Stuff (& Possibly Nonsense) #173

It’s Friday and that means time for another round up of news and links spotted over the last few days as Richard and Joe bring you Stuff (& Possibly Nonsense):

D’oh! Simpsons Comics to end

The long-running Simpsons may be about to enter its thirtieth season on TV, but the also long-lived and successful Simpsons comics are coming to an end. It was mentioned during San Diego Comic Con and since then publisher’s Bongo have confirmed the series will end in the autumn with issue #245. As SyFy Wire notes the comics have been running since 1993, and along with Spongebob comics are Bongo’s main series; the latter is also on a hiatus so it does leave observers wondering if the publisher too will cease?

We hate to say goodbye, so let’s just leave it at ‘Smell ya later!


Former Time Lord David Tennant and Black Panther’s Michael B Jordan are lending their voice talents to a new animated show gen:LOCK from cult studio Rooster Teeth (see here for our review of Rooster Teeth’s recent and fab Blood Fest flick). From ScreenRant: “Set during a time of war in a dystopian future, the 3D animated gen:LOCK centers on a diverse team of young pilots recruited to operate a new generation of giant mecha, or human controlled armored robots. Creator Gray Haddock lists several classic anime titles as his inspirations for the series, including Ghost in the Shell, Gundam, Aldnoah Zero and Kiznaiver.”

Black Summer reports that Netflix is working on a new zombie series (surely we can never have enough undead brainmunching??), Black Summer, with Sin City’s Jaime King announced for the lead role as a mother parted from her family and forced to travel on a harrowing journey with other refugee survivors as the zombie apocalyse runs rampant. The show is the brainchild of Karl Schaefer and John Hyams who created the Z-Nation series.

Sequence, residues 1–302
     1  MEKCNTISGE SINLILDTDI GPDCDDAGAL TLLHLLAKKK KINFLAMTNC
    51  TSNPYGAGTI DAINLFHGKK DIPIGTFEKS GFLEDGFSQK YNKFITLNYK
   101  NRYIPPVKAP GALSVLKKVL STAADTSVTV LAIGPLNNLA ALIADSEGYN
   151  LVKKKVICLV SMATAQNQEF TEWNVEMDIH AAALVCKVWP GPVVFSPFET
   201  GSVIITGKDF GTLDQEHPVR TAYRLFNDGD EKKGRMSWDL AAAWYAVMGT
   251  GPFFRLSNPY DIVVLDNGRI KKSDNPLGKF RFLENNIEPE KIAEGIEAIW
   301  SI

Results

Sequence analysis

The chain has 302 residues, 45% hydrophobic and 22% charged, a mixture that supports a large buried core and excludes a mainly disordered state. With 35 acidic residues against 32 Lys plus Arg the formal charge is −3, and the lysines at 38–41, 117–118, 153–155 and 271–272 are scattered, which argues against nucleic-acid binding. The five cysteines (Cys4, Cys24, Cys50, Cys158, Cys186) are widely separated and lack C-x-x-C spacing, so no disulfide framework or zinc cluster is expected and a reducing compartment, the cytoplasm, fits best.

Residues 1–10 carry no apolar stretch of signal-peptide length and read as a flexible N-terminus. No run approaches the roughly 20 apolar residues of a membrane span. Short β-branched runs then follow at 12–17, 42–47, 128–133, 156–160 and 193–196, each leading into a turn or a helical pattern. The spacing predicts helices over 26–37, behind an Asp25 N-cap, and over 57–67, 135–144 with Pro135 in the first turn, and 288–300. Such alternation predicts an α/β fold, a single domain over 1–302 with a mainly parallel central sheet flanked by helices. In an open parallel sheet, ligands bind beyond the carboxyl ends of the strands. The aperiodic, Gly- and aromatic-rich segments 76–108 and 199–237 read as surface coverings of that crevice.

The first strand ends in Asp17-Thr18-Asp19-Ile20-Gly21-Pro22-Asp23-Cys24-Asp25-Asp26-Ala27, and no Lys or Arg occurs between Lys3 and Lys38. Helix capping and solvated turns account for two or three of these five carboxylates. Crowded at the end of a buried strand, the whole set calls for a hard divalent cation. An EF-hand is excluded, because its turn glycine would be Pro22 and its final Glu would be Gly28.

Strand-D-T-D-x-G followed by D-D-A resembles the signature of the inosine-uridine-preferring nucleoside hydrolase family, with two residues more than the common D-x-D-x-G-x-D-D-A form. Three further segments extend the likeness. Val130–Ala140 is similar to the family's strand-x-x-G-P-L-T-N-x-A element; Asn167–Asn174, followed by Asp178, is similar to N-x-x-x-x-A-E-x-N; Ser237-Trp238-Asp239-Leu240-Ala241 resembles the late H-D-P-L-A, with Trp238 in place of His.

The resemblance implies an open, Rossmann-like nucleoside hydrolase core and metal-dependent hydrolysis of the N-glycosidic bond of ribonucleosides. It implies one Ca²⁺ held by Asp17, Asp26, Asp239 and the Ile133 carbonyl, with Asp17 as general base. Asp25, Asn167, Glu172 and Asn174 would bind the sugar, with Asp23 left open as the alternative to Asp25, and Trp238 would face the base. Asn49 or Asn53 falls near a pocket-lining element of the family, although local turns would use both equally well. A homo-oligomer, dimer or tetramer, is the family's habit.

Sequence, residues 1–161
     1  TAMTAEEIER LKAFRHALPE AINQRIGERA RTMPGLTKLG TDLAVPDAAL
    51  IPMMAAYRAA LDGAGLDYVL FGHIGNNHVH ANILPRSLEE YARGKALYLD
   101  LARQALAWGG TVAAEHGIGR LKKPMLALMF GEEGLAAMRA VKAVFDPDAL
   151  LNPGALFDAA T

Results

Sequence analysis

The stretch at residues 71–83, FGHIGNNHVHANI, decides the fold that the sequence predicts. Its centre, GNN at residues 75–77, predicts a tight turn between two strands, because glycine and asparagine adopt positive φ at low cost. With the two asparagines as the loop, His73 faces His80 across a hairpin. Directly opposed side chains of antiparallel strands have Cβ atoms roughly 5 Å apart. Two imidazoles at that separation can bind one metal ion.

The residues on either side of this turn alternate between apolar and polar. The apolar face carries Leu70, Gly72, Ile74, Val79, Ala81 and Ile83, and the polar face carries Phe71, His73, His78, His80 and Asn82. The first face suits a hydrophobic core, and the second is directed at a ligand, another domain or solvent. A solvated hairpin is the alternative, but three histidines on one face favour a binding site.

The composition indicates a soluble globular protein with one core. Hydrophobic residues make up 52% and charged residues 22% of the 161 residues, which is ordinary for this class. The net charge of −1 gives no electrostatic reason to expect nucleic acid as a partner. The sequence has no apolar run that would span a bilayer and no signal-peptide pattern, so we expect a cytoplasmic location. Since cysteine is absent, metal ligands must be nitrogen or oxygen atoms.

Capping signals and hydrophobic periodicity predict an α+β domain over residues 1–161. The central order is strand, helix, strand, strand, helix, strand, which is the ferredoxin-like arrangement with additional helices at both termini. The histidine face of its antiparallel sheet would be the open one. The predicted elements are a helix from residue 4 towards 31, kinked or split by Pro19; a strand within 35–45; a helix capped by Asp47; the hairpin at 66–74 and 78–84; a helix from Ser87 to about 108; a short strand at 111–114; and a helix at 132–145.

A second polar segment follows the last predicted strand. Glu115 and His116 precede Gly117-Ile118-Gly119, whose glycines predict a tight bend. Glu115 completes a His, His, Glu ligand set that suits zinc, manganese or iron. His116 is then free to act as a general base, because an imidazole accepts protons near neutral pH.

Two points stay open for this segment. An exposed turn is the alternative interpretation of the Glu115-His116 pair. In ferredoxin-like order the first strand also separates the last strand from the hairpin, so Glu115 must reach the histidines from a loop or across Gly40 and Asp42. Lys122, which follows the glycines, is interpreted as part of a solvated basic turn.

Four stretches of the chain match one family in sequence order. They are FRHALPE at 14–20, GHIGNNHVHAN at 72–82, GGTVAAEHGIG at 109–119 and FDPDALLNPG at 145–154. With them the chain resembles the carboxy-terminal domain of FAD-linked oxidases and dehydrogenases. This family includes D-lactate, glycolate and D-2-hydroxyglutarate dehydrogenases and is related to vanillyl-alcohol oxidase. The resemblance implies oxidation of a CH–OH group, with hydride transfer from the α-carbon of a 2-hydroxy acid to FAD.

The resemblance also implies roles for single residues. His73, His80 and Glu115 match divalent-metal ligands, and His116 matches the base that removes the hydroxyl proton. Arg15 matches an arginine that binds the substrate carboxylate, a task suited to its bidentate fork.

More Altered Carbon

When Richard Morgan’s debut noir-SF novel Altered Carbon first came out some friends and I all wrote reviews for The Alien Online (sadly long gone, but perhaps some of you remember it), and we raved about it. Over the succeeding Takeshi Kovacs novels I went from loving it to utterly hooked, and I often wondered if the much-touted film adaptation would ever happen. Then many years later we got not a film but something even better, a high quality series from Netflix. While following the main story arc of the novel it changed around and added some new elements, as you’d expect, but I thought most of them worked well for a television adaptation, and I loved the show. So I am pleased to hear that a second series has now been greenlit, with Anthony Mackie being the new sleeve (you can be downloaded into different bodies, called sleeves) for Takeshi Kovacs. (via Live for Film)

The Pineapple

Malcy Duff announces a couple of new releases, The Pineapple: “which was featured in the ‘DCA Thomson’ exhibition, has been published by DCA Print Studio in an edition of 10. The comic features a screen printed hard cover, is hand stitched, and hand bound with cloth book binding tape from DC Thomson (which you would usually find on The Broons and Oor Wullie annuals!). I have one artist proof which I am selling, or you can buy a numbered and signed edition direct from DCA”

And Counterflow: “A collection of drawings made by Malcy Duff during and around Counterflows 2018, where Usurper were featured artists. These have been beautifully presented and published by the wonderful Jelle Crama under his ‘les niveles’ imprint in a numbered edition of 29.”